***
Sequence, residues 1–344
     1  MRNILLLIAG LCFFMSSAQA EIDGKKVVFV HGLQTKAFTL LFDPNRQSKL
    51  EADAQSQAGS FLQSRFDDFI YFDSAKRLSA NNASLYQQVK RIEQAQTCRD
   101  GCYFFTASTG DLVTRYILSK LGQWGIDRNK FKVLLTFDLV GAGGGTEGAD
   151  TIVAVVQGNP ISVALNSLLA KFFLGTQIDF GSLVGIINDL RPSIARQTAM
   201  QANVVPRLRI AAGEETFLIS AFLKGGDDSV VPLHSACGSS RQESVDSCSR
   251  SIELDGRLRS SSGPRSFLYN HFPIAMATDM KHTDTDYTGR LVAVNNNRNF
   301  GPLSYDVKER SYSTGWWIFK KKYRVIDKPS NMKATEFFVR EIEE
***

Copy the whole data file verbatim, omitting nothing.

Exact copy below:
Sequence, residues 1–344
     1  MRNILLLIAG LCFFMSSAQA EIDGKKVVFV HGLQTKAFTL LFDPNRQSKL
    51  EADAQSQAGS FLQSRFDDFI YFDSAKRLSA NNASLYQQVK RIEQAQTCRD
   101  GCYFFTASTG DLVTRYILSK LGQWGIDRNK FKVLLTFDLV GAGGGTEGAD
   151  TIVAVVQGNP ISVALNSLLA KFFLGTQIDF GSLVGIINDL RPSIARQTAM
   201  QANVVPRLRI AAGEETFLIS AFLKGGDDSV VPLHSACGSS RQESVDSCSR
   251  SIELDGRLRS SSGPRSFLYN HFPIAMATDM KHTDTDYTGR LVAVNNNRNF
   301  GPLSYDVKER SYSTGWWIFK KKYRVIDKPS NMKATEFFVR EIEE